Methodology

How we assembled the Guide to Emergency Powers

December 5, 2018

Our goal was to assemble a comprehensive guide to the statutory provisions available to the president in a national emergency, including the subject matter of each provision, the date it was enacted, the statutory language triggering the authority, and a list of all instances in which the power has been invoked. 

We began with a list of statutory emergency powers compiled in 2013 by Patrick Thronson in an appendix to his law review article, Toward a Comprehensive Reform of America’s Emergency Law Regime, 46 Michigan Journal of Legal Reform 728 (2013). Our first step was to update his list. We consulted with Thronson and mimicked his method for discovering new statutes by searching the United States Code Annotated as published by Westlaw for “national emergenc!” and analogous terms. To ensure that we were capturing all recent legislation, we also searched Congress.gov for all laws passed in the 113th through 115th Congresses that contained variations of the words “national emergency.” We discovered through this process that several provisions that existed in 2013 were no longer in force, while others had been added.

To obtain the date and triggering language, we reviewed the language and revision history of each statute on the Legal Information Institute website. We then reviewed the citing references of each statute on Westlaw to determine how many times and in what circumstances the statutes had been invoked. To get the most comprehensive picture possible of invocations of national emergency, we reviewed presidential proclamations, executive orders, and notices as published in the Federal Register, the National Archives, and the Presidency Project at UCSB for the terms “national emergency” and “National Emergencies Act.” We also reviewed citing references as described in the legislative history section of the Legal Information Institute and searched permutations and prior codifications of each statute on Westlaw as necessary. When citing references were unclear, we occasionally eschewed methodological orthodoxy in favor of developing a more comprehensive picture, for example by searching for Congressional Research Service materials, books, and general articles through Google to shed more light on any given statute.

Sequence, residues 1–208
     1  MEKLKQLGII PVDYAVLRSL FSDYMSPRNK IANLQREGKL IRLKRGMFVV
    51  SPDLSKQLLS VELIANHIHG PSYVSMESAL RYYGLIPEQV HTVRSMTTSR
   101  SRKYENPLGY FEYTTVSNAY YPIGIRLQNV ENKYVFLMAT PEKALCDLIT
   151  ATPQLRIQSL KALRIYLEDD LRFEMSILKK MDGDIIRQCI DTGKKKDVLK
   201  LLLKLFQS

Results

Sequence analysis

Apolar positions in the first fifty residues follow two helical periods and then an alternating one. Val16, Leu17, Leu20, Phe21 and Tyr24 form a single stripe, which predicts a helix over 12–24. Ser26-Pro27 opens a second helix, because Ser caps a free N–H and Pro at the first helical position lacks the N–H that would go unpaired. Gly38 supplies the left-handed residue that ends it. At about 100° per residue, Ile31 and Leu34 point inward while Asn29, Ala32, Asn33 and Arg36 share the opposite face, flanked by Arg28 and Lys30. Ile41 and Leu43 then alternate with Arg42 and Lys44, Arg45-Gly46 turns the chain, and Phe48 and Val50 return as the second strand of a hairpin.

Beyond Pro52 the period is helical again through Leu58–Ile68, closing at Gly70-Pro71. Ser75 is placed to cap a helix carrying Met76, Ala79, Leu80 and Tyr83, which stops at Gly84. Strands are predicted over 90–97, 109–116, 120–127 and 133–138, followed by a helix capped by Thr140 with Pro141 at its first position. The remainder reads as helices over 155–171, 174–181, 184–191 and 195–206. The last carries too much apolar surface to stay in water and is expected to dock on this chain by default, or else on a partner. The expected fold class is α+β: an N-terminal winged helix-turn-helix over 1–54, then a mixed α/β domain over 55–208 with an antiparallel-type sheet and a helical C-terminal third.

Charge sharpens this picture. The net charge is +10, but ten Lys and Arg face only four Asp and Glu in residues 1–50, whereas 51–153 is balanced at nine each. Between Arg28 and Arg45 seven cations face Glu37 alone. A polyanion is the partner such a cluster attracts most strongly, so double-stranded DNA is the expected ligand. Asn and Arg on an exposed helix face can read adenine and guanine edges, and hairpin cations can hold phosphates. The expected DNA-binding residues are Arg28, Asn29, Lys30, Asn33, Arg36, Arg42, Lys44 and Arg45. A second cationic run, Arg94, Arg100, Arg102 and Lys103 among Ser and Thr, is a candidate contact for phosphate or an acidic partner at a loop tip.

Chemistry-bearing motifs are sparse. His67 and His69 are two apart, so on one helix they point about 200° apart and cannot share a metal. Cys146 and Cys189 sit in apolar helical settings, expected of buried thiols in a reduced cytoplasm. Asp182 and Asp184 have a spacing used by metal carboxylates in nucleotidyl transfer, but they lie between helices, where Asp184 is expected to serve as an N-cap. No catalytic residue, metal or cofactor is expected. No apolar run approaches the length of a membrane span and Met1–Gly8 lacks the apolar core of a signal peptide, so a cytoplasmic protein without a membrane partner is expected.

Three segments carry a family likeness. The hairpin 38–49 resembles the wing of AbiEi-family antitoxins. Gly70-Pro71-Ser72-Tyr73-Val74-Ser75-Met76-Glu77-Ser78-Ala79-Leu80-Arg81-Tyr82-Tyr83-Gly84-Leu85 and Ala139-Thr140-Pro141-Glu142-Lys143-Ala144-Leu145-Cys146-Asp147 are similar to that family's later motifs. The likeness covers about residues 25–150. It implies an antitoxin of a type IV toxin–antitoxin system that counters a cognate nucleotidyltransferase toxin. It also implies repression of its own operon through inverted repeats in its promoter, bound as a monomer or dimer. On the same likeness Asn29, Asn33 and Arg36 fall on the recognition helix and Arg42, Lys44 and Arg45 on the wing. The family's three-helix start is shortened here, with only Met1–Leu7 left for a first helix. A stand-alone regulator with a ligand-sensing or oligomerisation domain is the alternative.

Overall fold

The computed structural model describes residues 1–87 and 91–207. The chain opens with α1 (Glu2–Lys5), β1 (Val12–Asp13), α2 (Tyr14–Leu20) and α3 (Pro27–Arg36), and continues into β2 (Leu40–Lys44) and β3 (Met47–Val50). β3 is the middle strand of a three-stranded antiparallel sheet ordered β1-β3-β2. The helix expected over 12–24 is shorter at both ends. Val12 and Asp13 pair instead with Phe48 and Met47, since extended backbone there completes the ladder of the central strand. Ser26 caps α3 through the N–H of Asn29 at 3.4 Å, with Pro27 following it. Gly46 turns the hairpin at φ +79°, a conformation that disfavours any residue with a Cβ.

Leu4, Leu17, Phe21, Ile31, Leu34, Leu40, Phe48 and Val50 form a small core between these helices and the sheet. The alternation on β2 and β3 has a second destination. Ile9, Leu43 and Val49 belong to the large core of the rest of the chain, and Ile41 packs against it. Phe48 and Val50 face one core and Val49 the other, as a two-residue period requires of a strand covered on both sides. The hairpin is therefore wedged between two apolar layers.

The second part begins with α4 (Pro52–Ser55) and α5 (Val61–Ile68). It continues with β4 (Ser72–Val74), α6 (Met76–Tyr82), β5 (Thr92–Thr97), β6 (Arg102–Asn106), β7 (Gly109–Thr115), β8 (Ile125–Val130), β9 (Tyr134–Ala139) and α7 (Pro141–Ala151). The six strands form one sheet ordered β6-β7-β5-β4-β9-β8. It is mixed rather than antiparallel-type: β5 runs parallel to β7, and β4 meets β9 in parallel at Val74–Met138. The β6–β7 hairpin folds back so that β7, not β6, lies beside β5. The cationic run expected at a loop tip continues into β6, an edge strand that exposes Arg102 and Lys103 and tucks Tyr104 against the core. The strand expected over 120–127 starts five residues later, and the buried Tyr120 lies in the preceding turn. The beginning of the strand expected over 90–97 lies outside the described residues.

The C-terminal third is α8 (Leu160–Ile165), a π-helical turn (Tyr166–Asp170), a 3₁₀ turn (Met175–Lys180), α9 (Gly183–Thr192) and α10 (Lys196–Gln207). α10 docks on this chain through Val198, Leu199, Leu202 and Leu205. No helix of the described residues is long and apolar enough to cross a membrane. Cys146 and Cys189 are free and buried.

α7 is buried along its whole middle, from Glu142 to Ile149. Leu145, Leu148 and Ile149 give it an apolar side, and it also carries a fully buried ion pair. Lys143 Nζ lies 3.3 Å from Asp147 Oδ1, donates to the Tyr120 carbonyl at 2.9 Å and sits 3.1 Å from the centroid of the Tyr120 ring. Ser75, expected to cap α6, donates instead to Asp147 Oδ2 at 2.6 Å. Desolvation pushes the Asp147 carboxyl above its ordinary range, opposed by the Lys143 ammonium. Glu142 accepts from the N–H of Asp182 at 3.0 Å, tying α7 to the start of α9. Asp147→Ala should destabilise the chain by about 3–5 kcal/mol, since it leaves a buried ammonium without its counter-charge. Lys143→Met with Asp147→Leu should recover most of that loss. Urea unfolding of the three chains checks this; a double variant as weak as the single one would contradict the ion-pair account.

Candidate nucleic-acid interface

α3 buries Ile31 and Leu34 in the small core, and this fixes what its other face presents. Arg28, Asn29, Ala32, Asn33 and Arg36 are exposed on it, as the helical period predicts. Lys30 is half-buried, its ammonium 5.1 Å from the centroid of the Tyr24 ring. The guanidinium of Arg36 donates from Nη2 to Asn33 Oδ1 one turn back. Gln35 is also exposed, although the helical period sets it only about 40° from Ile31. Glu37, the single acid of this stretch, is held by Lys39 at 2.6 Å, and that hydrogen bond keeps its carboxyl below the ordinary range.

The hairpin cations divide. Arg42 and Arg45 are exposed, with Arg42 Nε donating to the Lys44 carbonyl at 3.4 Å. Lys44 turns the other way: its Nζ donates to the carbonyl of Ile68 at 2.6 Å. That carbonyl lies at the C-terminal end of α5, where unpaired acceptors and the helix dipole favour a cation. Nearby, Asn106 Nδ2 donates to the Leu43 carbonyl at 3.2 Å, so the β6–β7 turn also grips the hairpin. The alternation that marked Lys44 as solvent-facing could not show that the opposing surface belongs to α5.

This guide is not a complete list of the president’s emergency powers. Our goal was to comprehensively list the authorities available when either the president or Congress declares a national emergency, and to describe their historical usage. There are other types of emergency that can be declared; we listed some of the most important statutes governing those other kinds of emergency — including the Robert T. Stafford Disaster Relief and Emergency Assistance Act and the Public Health Service Act — under a separate heading titled “Emergency Framework Statutes,” but we did not identify every instance in which those powers have been used. There are also statutes that provide powers to deal with specific crises (e.g., “insurrections”) without using the term “emergency”; those are not included in this guide. And the guide does not contain any non-statutory legal authorities, such as presidential directives or agency regulations.